E3 2018 is a week away. It’s crazy to think that the biggest video game expo in the world is right around the corner. Kicking off the event, as usual, are the press conferences for some of the most well-known companies in the industry. On Sunday, June 10th, Microsoft will be taking the stage to talk about the future of the brand, what games we can look forward to this year, and hopefully announce some new games that will come out in the future. The Xbox Enthusiast team has predicted what we think might happen (my predictions and Steve’s predictions) but with a recently revealed runtime of two hours, what can Microsoft possibly talk about for that long? Is a two-hour conference overstaying its welcome? Let’s dive in.
It’s no secret that Xbox fans what an answer to the biggest question people have been asking for years; “Where are the games?” As a loyal Xbox fan, it’s discouraging to find myself spending so much time playing video games on other consoles. Sure, Sea of Thieves is entertaining, and I really liked State of Decay 2, but with games like God of War and Detroit: Become Human on PlayStation 4, the games that I find myself giving end of year accolades to will probably be on a competitor’s platform. Microsoft has a unique opportunity to capitalize on a surprising move made by Sony this year. A few weeks ago, Sony announced that their press conference would focus on Spider-Man, Death Stranding, Ghosts of Tsushima, and The Last of Us: Part 2. These are all games that I’m excited about, but I find it weird that Sony would flat out tell people what their conference will consist of. Do I believe that there will be a few surprise announcements? Sure, but the joy of watching a press conference is for the unpredictability. This year, we already know most of what to expect.
Microsoft is a wildcard in 2018. They already have all the best services that fans could as for, including Xbox Game Pass, Games With Gold, EA Access, and backwards compatibility for Xbox 360 and original Xbox games. What other services could the company possibly introduce? There might be a limited edition Xbox One X variant announced, but it’s highly unlikely that the next generation console will be revealed, especially since the Xbox One X isn’t even a year old yet. What can Microsoft talk about for almost two hours? The answer points to games.
What kind of games are we talking about? Well, Crackdown 3 is a certainty. While we haven’t seen the game in action in a very long time, we need an update on the (possibly troubled) sequel. I fully expect Ori and the Will of the Wisps to make an appearance, and I’ll be shocked if Forza Horizon 4 doesn’t turn out to be a real video game. These are things we know about/anticipate but what about other franchises. I think Halo 6 will make an appearance, and while my colleagues believe it will be a 2019 title, I’m slightly crazy in thinking that it’ll be a tentpole title for THIS year. It’s also not out of the realm of possibility for a new Gears of War game to get some stage time.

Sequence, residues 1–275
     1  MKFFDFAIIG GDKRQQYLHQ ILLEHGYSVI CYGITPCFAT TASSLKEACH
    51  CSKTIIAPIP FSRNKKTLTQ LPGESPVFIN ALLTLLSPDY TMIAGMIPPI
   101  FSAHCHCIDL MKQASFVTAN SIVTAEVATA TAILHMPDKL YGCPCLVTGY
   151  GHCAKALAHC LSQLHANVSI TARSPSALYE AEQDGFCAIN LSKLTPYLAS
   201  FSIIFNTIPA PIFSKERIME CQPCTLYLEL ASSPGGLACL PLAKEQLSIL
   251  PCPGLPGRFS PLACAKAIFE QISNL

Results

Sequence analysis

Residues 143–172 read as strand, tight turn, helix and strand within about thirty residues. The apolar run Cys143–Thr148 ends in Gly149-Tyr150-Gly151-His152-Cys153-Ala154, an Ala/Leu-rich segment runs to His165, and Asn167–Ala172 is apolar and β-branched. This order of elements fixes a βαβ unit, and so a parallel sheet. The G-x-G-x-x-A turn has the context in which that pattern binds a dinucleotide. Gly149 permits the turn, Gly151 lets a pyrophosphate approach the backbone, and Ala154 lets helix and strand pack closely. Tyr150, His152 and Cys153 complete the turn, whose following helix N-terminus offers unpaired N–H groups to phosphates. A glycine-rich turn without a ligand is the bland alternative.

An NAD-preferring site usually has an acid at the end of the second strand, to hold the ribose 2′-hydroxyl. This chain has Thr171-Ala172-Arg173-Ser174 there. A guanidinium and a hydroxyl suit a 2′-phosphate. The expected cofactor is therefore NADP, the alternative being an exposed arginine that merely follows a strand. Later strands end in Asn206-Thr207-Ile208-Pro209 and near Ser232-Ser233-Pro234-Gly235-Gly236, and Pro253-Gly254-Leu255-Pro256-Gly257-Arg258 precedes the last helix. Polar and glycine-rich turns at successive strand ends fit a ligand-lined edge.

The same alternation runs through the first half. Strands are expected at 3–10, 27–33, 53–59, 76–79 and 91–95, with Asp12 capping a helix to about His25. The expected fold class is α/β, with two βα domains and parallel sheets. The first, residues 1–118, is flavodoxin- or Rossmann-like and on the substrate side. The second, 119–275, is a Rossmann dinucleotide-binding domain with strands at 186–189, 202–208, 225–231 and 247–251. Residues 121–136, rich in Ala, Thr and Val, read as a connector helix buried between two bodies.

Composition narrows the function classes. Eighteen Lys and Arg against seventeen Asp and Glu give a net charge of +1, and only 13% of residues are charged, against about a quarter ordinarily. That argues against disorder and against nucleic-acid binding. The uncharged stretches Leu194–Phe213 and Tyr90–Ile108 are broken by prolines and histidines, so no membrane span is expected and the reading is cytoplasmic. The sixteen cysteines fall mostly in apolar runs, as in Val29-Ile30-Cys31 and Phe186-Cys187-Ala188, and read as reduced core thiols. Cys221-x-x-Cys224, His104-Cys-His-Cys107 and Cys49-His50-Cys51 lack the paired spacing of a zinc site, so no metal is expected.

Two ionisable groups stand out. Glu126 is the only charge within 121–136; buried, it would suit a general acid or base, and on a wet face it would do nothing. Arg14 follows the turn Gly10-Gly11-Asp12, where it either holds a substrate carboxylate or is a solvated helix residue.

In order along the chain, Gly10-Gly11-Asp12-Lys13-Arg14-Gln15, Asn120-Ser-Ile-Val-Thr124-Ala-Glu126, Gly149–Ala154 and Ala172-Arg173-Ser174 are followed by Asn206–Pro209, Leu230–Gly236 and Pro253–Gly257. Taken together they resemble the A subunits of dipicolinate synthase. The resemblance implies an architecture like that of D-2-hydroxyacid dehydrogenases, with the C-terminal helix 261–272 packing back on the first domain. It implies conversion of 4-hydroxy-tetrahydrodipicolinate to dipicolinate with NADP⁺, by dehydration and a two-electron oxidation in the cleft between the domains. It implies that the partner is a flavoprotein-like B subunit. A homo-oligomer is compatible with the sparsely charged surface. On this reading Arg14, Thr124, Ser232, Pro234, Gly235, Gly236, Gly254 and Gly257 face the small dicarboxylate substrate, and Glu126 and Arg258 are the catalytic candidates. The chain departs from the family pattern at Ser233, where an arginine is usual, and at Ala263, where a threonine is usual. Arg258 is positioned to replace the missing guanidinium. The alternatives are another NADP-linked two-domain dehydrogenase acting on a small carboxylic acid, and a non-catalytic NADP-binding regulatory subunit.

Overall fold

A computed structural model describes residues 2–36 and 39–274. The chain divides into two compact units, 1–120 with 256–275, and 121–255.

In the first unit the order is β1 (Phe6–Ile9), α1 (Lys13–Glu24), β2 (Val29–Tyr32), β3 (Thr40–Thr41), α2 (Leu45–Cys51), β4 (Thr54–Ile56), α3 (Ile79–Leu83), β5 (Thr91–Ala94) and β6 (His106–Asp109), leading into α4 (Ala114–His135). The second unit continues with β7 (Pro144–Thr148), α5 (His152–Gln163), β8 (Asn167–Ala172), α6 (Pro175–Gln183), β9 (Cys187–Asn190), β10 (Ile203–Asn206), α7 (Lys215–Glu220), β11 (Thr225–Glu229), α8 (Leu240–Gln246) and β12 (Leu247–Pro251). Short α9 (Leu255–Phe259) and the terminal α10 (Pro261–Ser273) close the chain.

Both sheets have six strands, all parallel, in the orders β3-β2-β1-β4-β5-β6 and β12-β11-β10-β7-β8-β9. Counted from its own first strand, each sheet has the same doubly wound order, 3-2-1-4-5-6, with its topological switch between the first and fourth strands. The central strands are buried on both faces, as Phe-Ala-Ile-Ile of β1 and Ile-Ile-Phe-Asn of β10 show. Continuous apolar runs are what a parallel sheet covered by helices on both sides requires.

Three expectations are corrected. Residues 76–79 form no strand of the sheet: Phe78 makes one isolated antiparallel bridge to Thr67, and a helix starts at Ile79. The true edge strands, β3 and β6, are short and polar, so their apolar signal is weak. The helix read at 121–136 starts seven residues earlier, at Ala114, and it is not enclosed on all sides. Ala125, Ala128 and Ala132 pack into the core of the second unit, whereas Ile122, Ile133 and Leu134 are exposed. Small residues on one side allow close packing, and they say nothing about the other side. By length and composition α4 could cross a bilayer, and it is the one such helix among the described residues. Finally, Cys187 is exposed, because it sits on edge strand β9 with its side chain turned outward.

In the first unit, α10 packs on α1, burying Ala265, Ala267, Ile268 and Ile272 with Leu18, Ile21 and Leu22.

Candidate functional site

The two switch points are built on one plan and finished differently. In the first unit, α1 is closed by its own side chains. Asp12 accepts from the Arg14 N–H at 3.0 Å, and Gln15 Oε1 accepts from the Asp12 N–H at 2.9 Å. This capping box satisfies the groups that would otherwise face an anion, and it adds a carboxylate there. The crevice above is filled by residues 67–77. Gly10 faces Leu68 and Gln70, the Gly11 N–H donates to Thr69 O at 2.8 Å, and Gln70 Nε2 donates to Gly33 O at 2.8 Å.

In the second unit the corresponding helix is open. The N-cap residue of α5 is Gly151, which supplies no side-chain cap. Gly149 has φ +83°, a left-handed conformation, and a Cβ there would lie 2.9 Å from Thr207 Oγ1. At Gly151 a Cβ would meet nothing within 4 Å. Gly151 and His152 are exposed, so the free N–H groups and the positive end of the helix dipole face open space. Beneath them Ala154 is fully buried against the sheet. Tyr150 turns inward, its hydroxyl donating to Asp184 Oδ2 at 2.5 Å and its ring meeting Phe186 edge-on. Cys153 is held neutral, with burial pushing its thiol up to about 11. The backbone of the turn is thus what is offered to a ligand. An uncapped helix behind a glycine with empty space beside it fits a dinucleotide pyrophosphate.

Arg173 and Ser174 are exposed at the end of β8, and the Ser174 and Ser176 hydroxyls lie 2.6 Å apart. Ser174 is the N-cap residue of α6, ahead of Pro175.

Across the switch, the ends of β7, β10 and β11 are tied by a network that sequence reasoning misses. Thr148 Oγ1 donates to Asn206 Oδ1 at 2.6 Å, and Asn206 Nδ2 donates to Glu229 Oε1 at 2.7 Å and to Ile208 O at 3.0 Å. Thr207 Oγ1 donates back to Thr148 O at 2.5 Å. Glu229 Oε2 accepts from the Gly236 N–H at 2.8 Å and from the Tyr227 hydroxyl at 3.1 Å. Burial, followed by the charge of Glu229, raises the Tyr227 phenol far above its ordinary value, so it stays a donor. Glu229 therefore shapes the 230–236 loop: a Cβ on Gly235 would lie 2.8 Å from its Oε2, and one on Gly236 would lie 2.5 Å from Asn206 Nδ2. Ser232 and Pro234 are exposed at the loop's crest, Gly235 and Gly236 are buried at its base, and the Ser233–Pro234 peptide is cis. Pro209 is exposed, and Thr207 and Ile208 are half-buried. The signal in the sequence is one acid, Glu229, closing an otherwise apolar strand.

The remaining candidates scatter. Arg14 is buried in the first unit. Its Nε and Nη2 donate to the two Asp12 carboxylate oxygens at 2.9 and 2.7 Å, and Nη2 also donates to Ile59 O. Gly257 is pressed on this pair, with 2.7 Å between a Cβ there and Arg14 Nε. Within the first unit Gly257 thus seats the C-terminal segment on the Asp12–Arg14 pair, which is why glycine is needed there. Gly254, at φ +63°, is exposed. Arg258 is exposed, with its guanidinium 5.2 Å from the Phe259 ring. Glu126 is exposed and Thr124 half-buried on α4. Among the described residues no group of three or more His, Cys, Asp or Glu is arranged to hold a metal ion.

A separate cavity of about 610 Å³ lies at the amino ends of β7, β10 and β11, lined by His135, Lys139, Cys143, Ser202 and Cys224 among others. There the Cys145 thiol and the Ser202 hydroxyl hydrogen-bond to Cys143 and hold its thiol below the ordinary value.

What Microsoft needs to do, and I’ve mentioned this plenty of times, is to either reveal new IPs or revitalize existing franchises that have laid dormant for years. Wouldn’t it be cool for a new MechAssault, one of the earliest Xbox titles to be rebooted? What about Crimson Skies, one of the pioneer titles in the beginning stages of Xbox Live. I’ve often campaigned for Moon Studios, the team behind Ori and the Blind Forest to take a crack at the Banjo-Kazooie. Rare Studio Head, Craig Duncan mentioned to IGN about being open to other development teams working on its IPs. The studio has a rich catalogue full of IPs like Conker, Banjo-Kazooie, Jet Force Gemini, Cobra Triangle, Battletoads, Viva Pinata, and a whole bunch more. Wouldn’t it be great for Microsoft to take advantage of the wide variety of properties they own?
What about Fable? There have been rumblings that Playground Games has been working on a new installment of the Fable franchise. I’d love to see a trailer indicating that the game is in fact in development. I’ve been recently outspoken about CGI trailers, and how they are often a disservice to the game it’s promoting. While I stand by my statement, at this point, Microsoft is better off showing CGI trailers for new games instead of showing nothing at all. Even if their new titles are 3-4 years out, let gamers and consumers know that you have something in the pipeline. What we need the most is reassurance that the brand we’re supporting will come through for us in the end.
Games will make or break the conference. Those two hours must be used to its fullest potential. Don’t waste time debuting the newest car for Forza Horizon 4. Don’t spend too much time talking about entertainment, and stick to what the fans want. Demos are wonderful, surprising reveals and third-party partnerships are fantastic, but new exclusives are what will win people over. There are plenty of ways to squander a two-hour press conference. Microsoft must have surely known about its blunders in the past. I’m optimistic that Phil Spencer and his team will utilize the run-time to its maximum potential, but a lot is riding on this conference. The brand has hit a roadblock over the years, and unless they come out of the gate swinging, the next few years for Microsoft may be an even bigger hill to climb. We have one week until the big event, and I’m excited, but honestly, I’m nervous. This is the most important conference Xbox will ever have. Hopefully, all of this anticipation will have a satisfying payoff.